Mike Bloomberg cleared the way Friday for three women believed to have accused the former New York City mayor of sexist or misogynistic comments to be released from nondisclosure agreements (NDAs).
In a statement, Bloomberg said that his company, Bloomberg LP, had identified three nondisclosure agreements it had entered into with women who are thought to have accused the billionaire businessman of making inappropriate and offensive comments.
“If any of them want to be released from their NDA so that they can talk about those allegations, they should contact the company and they’ll be given a release,” Bloomberg said.
He added that he had reflected on his company’s use of nondisclosure agreements, acknowledging that such contracts “promote a culture of silence in the workplace and contribute to a culture of women not feeling safe or supported.”
“I’ve done a lot of reflecting on this issue over the past few days and I’ve decided that for as long as I’m running the company, we won’t offer confidentiality agreements to resolve claims of sexual harassment or misconduct going forward,” he said.
The decision from Bloomberg comes as he faces biting criticism from his rivals for the Democratic presidential nomination over his use of NDAs over decades to conceal allegations of sexual harassment and other inappropriate behavior.
Bloomberg struggled to confront that criticism on Wednesday after several of his opponents, most notably Sen. Elizabeth WarrenElizabeth WarrenWarren, Democrats urge Trump to back down from veto threat over changing Confederate-named bases OVERNIGHT DEFENSE: Joint Chiefs chairman says he regrets participating in Trump photo-op | GOP senators back Joint Chiefs chairman who voiced regret over Trump photo-op | Senate panel approves 0B defense policy bill Trump on collision course with Congress over bases with Confederate names MORE (D-Mass.), raised the issue during a Democratic presidential debate in Las Vegas. At one point, Warren pressed him to release his accusers from their nondisclosure agreements while he was still on the debate stage.
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Warren urged him once again to release the women from the NDAs during a CNN town hall event on Thursday night, offering up a contract that she wrote herself that would allow Bloomberg’s accusers to speak openly about their allegations.
“I used to teach contract law,” Warren, a former Harvard professor, said. “And I thought I would make this easy. I wrote up a release and covenant not to sue, and all that Mayor Bloomberg has to do is download it — I’ll text it — sign it, and then the women, or men, will be free to speak and tell their own stories.”
Bloomberg had previously resisted the notion of releasing the women from the nondisclosure agreements, dismissing his alleged comments as “a joke.”
In an interview on ABC’s “The View” last month, the former New York City mayor insisted that the contracts were simply “legal agreements” and that “both sides wanted to keep certain things from coming out.”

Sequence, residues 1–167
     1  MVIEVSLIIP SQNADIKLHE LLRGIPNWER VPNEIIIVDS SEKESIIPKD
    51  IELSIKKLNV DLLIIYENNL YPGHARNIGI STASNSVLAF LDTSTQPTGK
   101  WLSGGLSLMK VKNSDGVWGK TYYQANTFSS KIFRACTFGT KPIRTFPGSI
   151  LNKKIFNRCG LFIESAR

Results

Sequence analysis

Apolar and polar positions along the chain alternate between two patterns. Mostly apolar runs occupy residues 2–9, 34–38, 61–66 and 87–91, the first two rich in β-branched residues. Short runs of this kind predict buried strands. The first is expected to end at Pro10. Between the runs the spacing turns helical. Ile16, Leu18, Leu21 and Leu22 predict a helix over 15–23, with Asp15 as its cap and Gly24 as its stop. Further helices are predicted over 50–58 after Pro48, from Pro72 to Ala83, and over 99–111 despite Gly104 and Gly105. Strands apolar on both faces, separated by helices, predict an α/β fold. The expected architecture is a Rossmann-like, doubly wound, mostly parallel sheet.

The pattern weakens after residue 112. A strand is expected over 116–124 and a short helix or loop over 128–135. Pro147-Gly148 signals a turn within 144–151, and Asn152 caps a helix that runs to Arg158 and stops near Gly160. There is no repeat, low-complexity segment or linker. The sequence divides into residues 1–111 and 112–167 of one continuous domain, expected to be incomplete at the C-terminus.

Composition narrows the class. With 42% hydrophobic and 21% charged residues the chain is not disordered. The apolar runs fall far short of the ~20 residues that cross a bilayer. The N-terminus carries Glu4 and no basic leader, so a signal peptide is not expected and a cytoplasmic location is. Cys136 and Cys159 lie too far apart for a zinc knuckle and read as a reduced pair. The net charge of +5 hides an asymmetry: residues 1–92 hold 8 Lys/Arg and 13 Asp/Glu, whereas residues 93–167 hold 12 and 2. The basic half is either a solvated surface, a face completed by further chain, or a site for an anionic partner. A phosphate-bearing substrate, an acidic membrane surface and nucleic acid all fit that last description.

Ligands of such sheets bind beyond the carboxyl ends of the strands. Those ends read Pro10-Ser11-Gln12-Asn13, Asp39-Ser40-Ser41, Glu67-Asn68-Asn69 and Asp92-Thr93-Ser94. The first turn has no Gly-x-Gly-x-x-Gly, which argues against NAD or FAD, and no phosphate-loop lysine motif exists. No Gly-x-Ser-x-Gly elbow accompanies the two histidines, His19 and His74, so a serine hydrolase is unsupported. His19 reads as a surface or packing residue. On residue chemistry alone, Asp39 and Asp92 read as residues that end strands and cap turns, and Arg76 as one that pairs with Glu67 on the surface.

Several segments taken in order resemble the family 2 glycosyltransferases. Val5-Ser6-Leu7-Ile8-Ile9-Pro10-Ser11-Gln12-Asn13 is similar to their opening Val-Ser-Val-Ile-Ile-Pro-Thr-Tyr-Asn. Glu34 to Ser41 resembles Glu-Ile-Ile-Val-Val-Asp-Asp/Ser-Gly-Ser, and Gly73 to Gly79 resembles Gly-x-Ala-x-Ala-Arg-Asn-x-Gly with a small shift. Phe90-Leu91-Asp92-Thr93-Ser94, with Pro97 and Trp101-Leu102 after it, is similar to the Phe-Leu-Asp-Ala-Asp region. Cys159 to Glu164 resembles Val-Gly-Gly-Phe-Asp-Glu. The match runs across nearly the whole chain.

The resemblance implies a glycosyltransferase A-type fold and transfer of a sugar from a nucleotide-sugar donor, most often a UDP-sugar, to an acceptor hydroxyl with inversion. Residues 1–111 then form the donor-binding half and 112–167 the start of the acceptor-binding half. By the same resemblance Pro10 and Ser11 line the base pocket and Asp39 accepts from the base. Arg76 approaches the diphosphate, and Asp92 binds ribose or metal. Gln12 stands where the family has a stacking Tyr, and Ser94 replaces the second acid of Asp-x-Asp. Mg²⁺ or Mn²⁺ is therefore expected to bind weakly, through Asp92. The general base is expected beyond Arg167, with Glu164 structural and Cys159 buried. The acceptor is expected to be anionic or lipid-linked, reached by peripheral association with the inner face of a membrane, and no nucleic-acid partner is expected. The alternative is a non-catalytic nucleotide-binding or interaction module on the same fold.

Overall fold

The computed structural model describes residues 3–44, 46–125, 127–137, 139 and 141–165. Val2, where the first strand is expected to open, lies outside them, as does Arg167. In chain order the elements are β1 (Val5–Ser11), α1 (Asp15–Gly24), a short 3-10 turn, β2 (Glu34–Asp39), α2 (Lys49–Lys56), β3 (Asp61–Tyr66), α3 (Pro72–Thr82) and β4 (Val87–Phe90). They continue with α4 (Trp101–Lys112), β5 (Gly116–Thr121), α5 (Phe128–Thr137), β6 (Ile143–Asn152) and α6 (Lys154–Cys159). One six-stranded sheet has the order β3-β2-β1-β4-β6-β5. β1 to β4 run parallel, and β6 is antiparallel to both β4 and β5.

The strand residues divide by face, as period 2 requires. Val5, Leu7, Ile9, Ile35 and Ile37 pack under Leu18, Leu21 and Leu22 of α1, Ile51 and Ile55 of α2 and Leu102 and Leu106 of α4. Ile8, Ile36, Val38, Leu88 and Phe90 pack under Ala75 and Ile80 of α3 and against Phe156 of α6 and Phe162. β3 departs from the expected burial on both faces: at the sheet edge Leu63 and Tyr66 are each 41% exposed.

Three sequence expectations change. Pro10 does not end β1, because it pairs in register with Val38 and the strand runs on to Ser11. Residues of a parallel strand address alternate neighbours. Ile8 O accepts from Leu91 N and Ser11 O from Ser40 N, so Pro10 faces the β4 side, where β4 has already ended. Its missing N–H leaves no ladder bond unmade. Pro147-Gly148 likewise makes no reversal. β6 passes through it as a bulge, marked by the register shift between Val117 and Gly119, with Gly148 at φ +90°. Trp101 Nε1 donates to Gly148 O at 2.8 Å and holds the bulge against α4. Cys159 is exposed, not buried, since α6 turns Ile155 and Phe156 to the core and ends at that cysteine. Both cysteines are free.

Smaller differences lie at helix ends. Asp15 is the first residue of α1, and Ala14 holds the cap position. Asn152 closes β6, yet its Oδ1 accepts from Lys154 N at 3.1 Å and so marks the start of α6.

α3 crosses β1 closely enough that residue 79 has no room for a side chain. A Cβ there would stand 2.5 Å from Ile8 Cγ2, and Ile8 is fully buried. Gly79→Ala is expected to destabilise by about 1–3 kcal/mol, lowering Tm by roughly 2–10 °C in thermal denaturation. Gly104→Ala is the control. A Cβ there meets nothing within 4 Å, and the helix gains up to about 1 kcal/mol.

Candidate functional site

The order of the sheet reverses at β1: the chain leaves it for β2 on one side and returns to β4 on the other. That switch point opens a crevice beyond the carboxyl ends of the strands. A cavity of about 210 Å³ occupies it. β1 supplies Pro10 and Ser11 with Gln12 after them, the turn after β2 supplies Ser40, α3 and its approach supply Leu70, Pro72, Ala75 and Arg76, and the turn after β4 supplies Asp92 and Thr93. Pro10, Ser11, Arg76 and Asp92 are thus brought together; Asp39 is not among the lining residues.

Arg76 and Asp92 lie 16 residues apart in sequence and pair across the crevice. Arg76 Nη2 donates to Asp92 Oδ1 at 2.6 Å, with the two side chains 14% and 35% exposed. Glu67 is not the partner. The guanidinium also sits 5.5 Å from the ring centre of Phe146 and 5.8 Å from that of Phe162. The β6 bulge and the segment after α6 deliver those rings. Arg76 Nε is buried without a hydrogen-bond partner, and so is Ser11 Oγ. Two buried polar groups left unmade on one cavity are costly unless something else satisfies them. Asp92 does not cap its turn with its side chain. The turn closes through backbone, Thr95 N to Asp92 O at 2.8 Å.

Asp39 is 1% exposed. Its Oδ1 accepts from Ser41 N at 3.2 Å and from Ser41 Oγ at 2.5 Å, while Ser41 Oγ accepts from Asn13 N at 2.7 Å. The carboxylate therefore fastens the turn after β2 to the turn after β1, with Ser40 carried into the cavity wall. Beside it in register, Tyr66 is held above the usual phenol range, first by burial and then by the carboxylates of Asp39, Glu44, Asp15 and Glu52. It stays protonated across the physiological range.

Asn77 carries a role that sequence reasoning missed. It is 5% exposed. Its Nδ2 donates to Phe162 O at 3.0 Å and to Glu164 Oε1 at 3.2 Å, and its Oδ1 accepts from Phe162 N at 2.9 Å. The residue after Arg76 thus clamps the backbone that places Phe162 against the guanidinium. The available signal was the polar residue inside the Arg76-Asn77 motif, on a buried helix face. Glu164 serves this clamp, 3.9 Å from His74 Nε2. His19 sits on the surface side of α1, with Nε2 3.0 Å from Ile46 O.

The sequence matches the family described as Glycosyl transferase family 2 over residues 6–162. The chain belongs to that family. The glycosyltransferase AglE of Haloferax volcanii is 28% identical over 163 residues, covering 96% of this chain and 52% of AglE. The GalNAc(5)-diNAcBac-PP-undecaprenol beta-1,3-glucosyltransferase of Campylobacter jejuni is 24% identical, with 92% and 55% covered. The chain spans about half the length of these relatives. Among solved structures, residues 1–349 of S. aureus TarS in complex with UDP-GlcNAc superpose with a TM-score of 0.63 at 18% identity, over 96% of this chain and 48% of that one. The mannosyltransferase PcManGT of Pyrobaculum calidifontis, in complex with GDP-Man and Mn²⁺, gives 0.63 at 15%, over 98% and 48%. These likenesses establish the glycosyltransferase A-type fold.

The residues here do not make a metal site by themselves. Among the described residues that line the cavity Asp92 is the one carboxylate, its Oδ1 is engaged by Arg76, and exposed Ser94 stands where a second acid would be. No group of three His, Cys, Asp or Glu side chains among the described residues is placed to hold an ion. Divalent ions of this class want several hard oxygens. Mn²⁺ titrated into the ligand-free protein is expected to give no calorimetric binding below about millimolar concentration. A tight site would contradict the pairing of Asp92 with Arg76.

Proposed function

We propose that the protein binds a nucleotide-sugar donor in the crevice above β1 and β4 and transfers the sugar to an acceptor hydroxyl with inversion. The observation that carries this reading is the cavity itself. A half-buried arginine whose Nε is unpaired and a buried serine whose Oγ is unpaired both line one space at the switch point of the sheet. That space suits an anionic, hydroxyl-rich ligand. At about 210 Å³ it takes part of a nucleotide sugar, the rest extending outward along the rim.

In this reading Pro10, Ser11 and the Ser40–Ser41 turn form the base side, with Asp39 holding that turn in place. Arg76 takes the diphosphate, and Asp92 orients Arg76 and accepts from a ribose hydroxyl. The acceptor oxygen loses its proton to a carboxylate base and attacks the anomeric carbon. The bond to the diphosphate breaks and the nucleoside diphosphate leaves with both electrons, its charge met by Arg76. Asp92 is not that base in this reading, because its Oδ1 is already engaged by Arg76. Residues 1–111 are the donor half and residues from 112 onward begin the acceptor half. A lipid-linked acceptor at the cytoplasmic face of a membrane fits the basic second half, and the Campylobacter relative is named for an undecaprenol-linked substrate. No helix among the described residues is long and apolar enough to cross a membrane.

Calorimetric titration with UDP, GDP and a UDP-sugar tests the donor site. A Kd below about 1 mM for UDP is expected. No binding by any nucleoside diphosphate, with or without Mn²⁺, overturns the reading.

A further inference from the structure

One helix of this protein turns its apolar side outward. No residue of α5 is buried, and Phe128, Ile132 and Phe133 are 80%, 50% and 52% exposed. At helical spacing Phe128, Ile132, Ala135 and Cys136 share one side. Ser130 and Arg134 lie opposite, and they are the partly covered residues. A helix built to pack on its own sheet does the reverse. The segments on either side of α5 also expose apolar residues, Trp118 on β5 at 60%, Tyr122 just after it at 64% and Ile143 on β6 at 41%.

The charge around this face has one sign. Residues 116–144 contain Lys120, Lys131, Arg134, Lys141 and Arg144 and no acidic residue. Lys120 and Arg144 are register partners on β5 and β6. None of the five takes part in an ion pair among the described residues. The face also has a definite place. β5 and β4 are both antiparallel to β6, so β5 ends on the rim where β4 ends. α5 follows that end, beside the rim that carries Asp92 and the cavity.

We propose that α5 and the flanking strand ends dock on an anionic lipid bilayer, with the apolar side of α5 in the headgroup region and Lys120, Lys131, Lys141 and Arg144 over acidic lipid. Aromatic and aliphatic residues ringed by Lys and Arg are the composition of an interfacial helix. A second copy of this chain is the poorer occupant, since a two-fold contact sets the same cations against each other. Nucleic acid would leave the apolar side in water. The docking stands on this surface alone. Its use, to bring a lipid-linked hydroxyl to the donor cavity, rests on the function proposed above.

“Did I ever tell a bawdy joke? Yeah, sure I did,” he said. “And do I regret it? Yes, it’s embarrassing.”
Still, the nondisclosure agreements and other issues have proved to be politically damaging for Bloomberg, who only announced his candidacy in November but has worked his way near the top of national polls through a free-spending campaign fueled by his personal fortune.
A Morning Consult poll conducted entirely after Wednesday’s presidential debate showed the former mayor’s national support stalling and his favorability ratings diminishing, particularly among the moderate voters he is counting on to boost his presidential bid.
In his statement addressing the NDAs on Thursday, Bloomberg said that he has asked the human resources team at his company to “review and reform our policies where necessary with regard to equal pay and promotion, sexual harassment and discrimination, and other legal tools that prevent culture change.”
He also said that, if elected president, he would advocate for the passage of the Be Heard Act, which includes provisions aimed at preventing workplace harassment and discrimination, as well as legislation that would promote women’s equality in the workplace and raise the minimum wage to $15 an hour.
Bloomberg said that he has also directed his campaign to review and amend its current policies to be consistent with those principles.
“There is more we can do when we work together. When we share a respect for each other and treat all of our colleagues as we ourselves would wish to be treated, we all do our best work,” he said. “This is something Donald TrumpDonald John TrumpSenate advances public lands bill in late-night vote Warren, Democrats urge Trump to back down from veto threat over changing Confederate-named bases Esper orders ‘After Action Review’ of National Guard’s role in protests MORE does not understand — not when he ran his business, and not now when he is recklessly running our country. I will be a leader whom women can trust.”
Still, Bloomberg’s decision regarding the NDAs addresses only one aspect of the criticism that has been aimed at him in recent weeks.
He has also faced questions about the use of a stop-and-frisk policing policy during his tenure as New York City mayor, as well as about past comments he has made tying the end of the discriminatory housing policy known as “redlining” to the 2008 financial crisis.